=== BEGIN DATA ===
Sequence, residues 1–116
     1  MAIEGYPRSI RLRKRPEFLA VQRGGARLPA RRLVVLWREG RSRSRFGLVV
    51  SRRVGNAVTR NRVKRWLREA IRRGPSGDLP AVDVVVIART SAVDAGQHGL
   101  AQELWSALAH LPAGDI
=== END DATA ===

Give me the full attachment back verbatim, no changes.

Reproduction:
Sequence, residues 1–116
     1  MAIEGYPRSI RLRKRPEFLA VQRGGARLPA RRLVVLWREG RSRSRFGLVV
    51  SRRVGNAVTR NRVKRWLREA IRRGPSGDLP AVDVVVIART SAVDAGQHGL
   101  AQELWSALAH LPAGDI